Speaking of workshops, as we begin sorting out the schedule for September, please feel free to submit topic suggestions. Naturally, beyond our slate of critique and craft sessions, we’ll devote plenty of needed attention to the most pressing legacy, indie, and self-publishing issues. Despite what too many say, regardless of which route to publication you pursue, attaining success will ultimately hinge on inspiring confidence in your readers—and delivering on expectations roused—each and every step of your journey. Beyond writing an exceptional book, how best to do just that will be covered in our “Do Yourself Independence” (DYI, not DIY) track.
SCWC veteran Teresa Burrell’s been busy. All five titles in her ongoing legal thriller series are newly available as audiobooks. The Advocate, The Advocate’s Betrayal, The Advocate’s Conviction, The Advocate’s Dilemma, and The Advocate’s Ex Parte can all be had and heard at Audible.
From longtime SCWC author/workshop leader Michele Scott, Dark Harmony: A Vivienne Taylor Horse Lover’s Mystery, the second in her Fairmont Riding Academy series, is out May 20… Also out next week, in a departure from the Peri Minneopa mysteries she’s best known for, author/workshop leader Gayle Carline introduces readers to new characters and a new venue in Murder on the Hoof.
Finally, on the young adult front, the second in Valerie Wicks’ 7-part Seven Spectral series is out. The Orange World Outlaw follows her 2012 debut, Into the Red World. Congratulations and best of success to all!
We’ll begin plugging in what authors, agents, editors, and other pros will be joining us on the staff page soon, along with what workshops are being lined up. Advance submission readers will start being listed early June. Remember that Newport Beach is more limited in attendance than our winter conference in San Diego. Discounted pre-registration is highly recommended.
More soon. In the meantime, we’ve begun recording the reading of SCWC Topic Award recipients. You can listen to LA11’s honored entry here, written by Stephanie Lewis. The topic was “bidet.” And don’t forget: Aim for awe. Settle only for exception.
—Michael Steven Gregory
Executive Director, SCWC
Selected a “Best Buzz Book” by PublishersLunch for Spring/Summer 2014, Isla Morley’s Above tells the story of a 16-year-old girl abducted and locked in an abandoned missile silo by a survivalist convinced the world is going to end. Booklist calls it, “[A] menacingly sinister tale of imprisonment… that will appeal to fans of riveting psychological suspense and cut-throat dystopian fiction.” The Boston Globe hails, “A compelling tale of survival, reinvention, and hope… Vivid and poignant.” “[An] audacious page-turner,” declares Publishers Weekly. And from Sara Gruen (Water for Elephants): “Grips your heart from the first page and doesn’t let go… A novel to savor.” Isla will join us as a Special Guest Speaker in Newport Beach to discuss her latest novel, and whatever the hell else she wants to.
Our second Special Guest Speaker to be announced is none other than Tonilyn Hornung, winner of the SCWC*LA8 Outstanding Non-Fiction Award for the manuscript that became her breakout success, released just this month, How to Raise a Husband: A Whole Bunch of Ways to Build a Strong and Happy Marriage. A prolific essayist and blogger, Tonilyn’s inventive discoverability campaign supporting the title’s release includes a series of fun trailers, which everybody should share. Welcome back, Tonilyn!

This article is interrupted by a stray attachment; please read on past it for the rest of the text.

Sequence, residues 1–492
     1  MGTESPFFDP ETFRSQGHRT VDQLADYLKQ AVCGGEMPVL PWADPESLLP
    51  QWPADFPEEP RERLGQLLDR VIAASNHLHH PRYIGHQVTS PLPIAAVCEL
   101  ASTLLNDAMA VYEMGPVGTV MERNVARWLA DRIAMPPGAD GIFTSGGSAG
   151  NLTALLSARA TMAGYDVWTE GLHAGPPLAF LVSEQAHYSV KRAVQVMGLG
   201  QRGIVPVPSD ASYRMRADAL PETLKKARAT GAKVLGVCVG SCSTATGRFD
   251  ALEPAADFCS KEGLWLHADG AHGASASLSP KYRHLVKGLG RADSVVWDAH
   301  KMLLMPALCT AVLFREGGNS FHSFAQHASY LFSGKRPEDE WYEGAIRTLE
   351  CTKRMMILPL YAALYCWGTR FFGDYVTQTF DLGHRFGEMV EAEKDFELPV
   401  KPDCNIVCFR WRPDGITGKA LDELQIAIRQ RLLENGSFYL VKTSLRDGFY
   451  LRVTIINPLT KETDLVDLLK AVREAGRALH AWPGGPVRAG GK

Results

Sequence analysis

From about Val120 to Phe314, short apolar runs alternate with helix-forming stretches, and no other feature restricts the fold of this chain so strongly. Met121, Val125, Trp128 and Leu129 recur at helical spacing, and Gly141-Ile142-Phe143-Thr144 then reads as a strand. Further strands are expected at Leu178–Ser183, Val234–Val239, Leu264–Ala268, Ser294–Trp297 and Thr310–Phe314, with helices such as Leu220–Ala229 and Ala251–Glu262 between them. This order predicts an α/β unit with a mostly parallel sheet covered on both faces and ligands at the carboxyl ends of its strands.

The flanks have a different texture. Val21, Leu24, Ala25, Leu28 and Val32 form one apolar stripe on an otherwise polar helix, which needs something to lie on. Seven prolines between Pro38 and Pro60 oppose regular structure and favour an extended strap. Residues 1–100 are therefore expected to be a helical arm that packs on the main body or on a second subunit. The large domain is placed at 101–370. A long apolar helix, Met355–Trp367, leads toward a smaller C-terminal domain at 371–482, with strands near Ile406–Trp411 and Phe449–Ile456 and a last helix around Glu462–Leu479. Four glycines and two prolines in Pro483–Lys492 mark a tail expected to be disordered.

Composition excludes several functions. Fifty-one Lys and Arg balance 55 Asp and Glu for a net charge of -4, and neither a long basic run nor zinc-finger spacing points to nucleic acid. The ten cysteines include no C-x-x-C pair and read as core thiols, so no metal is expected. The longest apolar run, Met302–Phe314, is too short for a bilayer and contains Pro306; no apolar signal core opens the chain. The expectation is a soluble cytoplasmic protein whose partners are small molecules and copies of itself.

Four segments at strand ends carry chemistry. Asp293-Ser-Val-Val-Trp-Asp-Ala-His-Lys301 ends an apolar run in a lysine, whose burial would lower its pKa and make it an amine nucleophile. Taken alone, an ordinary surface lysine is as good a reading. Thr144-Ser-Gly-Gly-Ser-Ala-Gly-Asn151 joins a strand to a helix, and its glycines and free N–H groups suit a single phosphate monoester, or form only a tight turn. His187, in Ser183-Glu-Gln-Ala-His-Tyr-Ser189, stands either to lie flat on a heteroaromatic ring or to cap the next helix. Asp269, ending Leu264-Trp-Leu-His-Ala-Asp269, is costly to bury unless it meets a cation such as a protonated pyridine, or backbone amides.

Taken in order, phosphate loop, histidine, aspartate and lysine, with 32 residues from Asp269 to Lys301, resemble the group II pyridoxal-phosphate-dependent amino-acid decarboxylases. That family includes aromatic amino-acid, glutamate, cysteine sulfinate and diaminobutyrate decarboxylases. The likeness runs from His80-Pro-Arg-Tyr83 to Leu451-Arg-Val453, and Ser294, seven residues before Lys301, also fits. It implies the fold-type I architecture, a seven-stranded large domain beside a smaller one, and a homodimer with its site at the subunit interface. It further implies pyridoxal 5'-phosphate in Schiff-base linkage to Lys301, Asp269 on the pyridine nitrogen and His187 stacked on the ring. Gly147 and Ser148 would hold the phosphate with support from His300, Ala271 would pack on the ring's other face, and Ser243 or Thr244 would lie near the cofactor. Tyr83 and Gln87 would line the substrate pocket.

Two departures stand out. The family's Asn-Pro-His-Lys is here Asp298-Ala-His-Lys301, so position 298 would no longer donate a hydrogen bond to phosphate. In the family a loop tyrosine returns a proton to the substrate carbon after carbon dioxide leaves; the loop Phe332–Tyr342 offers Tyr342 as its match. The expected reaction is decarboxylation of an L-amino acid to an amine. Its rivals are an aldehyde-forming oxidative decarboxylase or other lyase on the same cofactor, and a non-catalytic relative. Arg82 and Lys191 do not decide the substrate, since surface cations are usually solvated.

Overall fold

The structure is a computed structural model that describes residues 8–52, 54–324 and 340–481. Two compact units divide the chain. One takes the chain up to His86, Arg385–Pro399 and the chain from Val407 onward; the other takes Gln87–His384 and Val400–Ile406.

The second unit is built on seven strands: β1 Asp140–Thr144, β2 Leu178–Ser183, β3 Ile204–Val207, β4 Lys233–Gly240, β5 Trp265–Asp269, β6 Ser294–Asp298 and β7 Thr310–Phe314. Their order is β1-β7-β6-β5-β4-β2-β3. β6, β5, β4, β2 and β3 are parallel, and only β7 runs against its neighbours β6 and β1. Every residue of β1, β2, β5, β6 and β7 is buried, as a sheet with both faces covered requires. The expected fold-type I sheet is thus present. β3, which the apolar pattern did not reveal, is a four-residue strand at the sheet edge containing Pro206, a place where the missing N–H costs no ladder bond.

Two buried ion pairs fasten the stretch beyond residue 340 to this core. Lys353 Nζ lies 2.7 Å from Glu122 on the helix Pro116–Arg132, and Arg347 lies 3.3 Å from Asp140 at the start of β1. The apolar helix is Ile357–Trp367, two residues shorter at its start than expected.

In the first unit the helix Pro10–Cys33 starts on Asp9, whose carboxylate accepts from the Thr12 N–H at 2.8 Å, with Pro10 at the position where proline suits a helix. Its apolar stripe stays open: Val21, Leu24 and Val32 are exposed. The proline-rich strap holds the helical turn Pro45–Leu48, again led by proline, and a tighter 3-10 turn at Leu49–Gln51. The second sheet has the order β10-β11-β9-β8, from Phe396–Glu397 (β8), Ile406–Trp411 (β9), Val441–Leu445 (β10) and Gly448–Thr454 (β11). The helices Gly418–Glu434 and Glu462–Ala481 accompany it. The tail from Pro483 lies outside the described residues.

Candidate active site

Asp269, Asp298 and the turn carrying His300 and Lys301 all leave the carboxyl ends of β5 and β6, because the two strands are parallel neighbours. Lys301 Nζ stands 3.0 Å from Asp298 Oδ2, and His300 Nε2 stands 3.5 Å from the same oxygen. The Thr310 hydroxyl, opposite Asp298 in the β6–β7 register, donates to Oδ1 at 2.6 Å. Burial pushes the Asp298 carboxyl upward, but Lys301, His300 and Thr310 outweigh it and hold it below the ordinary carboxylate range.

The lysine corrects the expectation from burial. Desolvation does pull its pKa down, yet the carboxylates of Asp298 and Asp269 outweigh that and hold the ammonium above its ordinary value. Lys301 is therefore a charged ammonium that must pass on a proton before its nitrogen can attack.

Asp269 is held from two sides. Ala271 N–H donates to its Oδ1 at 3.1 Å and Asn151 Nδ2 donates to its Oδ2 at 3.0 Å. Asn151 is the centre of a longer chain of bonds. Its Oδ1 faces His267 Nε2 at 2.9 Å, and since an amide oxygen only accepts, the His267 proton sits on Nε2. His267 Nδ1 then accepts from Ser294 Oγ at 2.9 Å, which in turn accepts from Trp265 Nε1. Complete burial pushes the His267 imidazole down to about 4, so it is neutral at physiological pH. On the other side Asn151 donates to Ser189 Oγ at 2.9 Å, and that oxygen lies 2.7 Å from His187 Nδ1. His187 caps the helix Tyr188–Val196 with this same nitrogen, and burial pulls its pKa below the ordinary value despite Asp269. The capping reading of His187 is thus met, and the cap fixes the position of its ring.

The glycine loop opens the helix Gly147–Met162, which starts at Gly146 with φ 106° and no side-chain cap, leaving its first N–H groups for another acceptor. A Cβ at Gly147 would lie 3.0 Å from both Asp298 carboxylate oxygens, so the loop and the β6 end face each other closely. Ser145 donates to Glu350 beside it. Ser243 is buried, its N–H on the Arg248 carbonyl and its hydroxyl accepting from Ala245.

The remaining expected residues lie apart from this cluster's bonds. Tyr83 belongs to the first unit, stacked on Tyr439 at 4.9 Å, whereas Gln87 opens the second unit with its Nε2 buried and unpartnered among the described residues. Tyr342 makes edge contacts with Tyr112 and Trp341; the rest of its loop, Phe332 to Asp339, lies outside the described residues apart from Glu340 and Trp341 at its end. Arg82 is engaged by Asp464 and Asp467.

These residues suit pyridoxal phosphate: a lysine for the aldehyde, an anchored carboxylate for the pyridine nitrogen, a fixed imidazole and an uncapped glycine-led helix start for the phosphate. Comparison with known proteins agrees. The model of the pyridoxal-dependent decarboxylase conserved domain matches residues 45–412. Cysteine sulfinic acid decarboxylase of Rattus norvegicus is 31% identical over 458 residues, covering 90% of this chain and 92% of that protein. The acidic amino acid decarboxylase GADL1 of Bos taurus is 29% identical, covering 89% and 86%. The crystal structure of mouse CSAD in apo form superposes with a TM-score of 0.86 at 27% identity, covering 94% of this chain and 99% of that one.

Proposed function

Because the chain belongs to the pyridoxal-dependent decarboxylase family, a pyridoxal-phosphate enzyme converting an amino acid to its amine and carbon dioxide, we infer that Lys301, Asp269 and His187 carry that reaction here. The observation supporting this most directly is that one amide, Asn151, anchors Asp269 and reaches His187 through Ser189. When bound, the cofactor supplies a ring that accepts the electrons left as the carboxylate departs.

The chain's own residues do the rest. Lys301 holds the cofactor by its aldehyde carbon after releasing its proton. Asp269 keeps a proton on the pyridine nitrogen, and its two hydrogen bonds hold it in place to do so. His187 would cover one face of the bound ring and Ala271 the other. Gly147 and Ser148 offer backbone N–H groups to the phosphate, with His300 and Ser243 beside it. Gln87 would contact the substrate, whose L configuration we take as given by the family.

Since reporting so many SCWCers with titles due out in our February 26 update several more have dropped or are about to. Among them, Jeremy Lee James has released the first installment of his Nephilim Chronicles, I, Jequon, a taught thriller chronicling a half-angel, half-human’s fight to prevent a modern day “Holycaust” being waged against his noble people by an ancient religious cult… On the epic Armageddon front, Christopher P. Simmons delivers a sprawling, fresh take on the End Times prophecy, Judas Christ: Immaculate Inception. In it, following his betrayal, Jesus’ most infamous apostle prays for a second chance and is given it–some 2000 years later.
Fantasy folk can regale in Dot Caffrey’s Awakening Powers: Book One in the Trilogy of Power. Of it, multiple award-winning author and longtime SCWC workshop leader Laura Taylor lauds, “Readers will delight in the characters, both good and evil, and the world-building skills of the author… A 5-star achievement”… An equally delightful urban fantasy, Janet Tait’s Cast into Darkness is also just out. Mixing magic, megalomania and mystical intrigue to provide yet another fun foray in yet another far-spun otherworld, it marks the debut of her projected Kate Hamilton series.
And for both the young ‘uns and our elders, we got two new titles to glean: First up is from that unstoppable force of nature, Sheri Fink. The fifth of her “Whimsical World” of cherished children’s titles, The Little Seahorse also marks her 5th No. 1 best-selling debut… And from conferee Lynne Martin, whose travel memoir Home Sweet Anywhere: How We Sold Our House, Created a New Life, and Saw the World sprouted at SD27, the book is now out to wide acclaim, even landing her only this past week a guest appearance on CBS’ “The Morning Show.”
Congratulations and best of success to all our SCWC community authors!